“NDC is one of the biggest changes our industry has seen in a long time, and a key strategic priority for us,” says Ken Pfaffmann, vice president of business development, Amadeus Cytric Solutions, Americas. “We’ve been working closely with IATA as well as our airline, travel agency and corporate customers since its inception to deliver NDC and make enhanced retailing a reality.”

Amadeus points out its NDC-enabled solutions are now live with 17 airlines across more than 130 countries with over 24,000 travel agencies. Its Cytric Travel solution brings NDC-sourced content online to corporate travelers from nine airlines across 90-plus countries. Key to this has been the effort to scale both the content availability and the readiness of partners so that all travel sellers now have an easy way of shopping, booking, comparing and servicing the NDC content.

Travelport also continues to support the NDC standard as a way to normalize travel content, notes Chris Ramm, vice president global enterprise partners at Travelport. “However, it seems that the actual implementation of NDC protocols by some airlines has increased complexity and fragmentation as each airline is doing its own thing,” he adds. Currently, Travelport is working closely with its airline partners to manage complexities so that for its TMC and agency customers, NDC remains loyal to its original mission to improve access to more content, offer more choice and personalization for travelers.

For its part, Travelport has been aggressive in providing retailers expanded content, including NDC content. It recently rolled out Air France-KLM NDC content in 40 countries worldwide, including all of Europe. NDC content from American Airlines is live in more than 70 countries, and with Qantas and Singapore Airlines in over 60 nations.

Ongoing Challenges
As the amount of travel content explodes and airlines offer more options and customizations for travelers, it’s becoming increasingly necessary to improve how travel content is consumed and presented to buyers, particularly travel managers and agents, Ramm says. “As an industry, we should aspire to create a marketplace that is fair, neutral and transparent,” he says. “That is why NDC was created – because there is a lack of trust in the marketplace. We support the NDC standard as a way to normalize travel content and as a result, its intent to make both comparison and personalization easier in travel retailing.”

Lobl points out there is still work to be done to ensure NDC is adopted at scale. “Displays need to be modernized to properly merchandise a greater amount of content,” he says. “New products need to be not only sold, but also able to be serviced, by the carrier or an agency partner." Too, corporate booking tools must be able to sell NDC and non-NDC in a seamless way that doesn’t interfere with agency workflows.

According to Warner, the fundamental tension between travelers wanting choice and convenience, and business travel managers wanting control and compliance, hasn't gone away. "Your travel booking tool is like the operating system of your travel program," he says. "It's where it really comes to life for travelers, so if it isn't up to scratch, they will continue to go around it and book outside of channel."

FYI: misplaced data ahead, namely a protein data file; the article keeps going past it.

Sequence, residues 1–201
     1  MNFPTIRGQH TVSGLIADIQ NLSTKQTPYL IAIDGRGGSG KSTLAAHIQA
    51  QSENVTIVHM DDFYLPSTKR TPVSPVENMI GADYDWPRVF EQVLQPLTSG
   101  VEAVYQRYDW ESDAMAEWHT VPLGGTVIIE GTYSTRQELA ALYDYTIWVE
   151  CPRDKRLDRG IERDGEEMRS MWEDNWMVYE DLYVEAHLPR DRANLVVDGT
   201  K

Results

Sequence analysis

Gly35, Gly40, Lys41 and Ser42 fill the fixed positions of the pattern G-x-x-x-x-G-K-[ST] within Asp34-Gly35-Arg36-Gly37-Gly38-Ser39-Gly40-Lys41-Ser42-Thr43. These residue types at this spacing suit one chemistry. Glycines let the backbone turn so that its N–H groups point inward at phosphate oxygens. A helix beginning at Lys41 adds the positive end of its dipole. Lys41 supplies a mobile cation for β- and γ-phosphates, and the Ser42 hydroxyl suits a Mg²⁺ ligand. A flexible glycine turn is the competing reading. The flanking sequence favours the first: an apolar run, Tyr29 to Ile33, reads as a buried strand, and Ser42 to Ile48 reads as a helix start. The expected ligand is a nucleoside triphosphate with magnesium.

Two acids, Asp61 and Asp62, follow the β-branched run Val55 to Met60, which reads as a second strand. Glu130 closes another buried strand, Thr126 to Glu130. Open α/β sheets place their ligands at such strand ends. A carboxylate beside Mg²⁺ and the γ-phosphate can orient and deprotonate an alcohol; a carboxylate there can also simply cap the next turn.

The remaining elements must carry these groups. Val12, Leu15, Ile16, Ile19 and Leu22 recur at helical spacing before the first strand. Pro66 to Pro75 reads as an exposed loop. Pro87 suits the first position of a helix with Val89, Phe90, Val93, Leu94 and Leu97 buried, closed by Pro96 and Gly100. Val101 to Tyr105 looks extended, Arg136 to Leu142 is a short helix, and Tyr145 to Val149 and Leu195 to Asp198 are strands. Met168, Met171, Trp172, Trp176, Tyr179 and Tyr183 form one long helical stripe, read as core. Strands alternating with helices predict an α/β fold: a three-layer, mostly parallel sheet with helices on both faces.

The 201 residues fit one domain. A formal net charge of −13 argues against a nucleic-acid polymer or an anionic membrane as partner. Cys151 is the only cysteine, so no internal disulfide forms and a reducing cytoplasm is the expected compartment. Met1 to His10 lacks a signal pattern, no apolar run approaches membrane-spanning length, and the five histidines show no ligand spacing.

Riegel notes that one of the most important factors to take into account with new developments in this space is ensuring that the post-booking servicing capabilities of your OBT and TMC meet the needs of your travelers. "In corporate travel, plans change,” he says. "Your travelers need the ability to make changes to their travel plans quickly and efficiently."

Although it’s not the most modern technology, the GDS environment does a good job of aggregating information in one location to allow for efficient booking and servicing. "NDC still has some work to do on the servicing front, which may require new solutions and processes to meet the needs of modern corporate travelers," Riegel says.

It’s easy to get caught up in the various benefits, drawbacks and commercials of different distribution trends and challenges, Kubasik says. But ultimately it needs to work for the travel manager who’s responsible for the program and the end traveler who needs to be able to easily book, cancel or rebook their travel quickly, often while on the move.

In 2023 we will see a significant shift to NDC as airlines further develop their NDC strategies, Pfaffmann predicts. He advises travel managers who have not adopted NDC already to review the needs of their travelers and how NDC can simplify the process.

“Have a clear vision of what they want from NDC and discuss with providers how they will deliver on this promise," he says. "Think about the type of content bundles that will work for travelers." Examples include lounge access negotiations for certain routes, WiFi bundles, buying pre-assigned seats, extra carry-on luggage, and fast-track or semi-flexible tickets.

NDC should not be pursued just to check a box in your travel program, Riegel concludes. “Instead, make sure you understand what it is you are actually looking for, whether that be differentiated content, better pricing or something else,” he says. “Then, work with your TMC to take a strategic approach to solve those needs, whether that be through NDC or another solution.”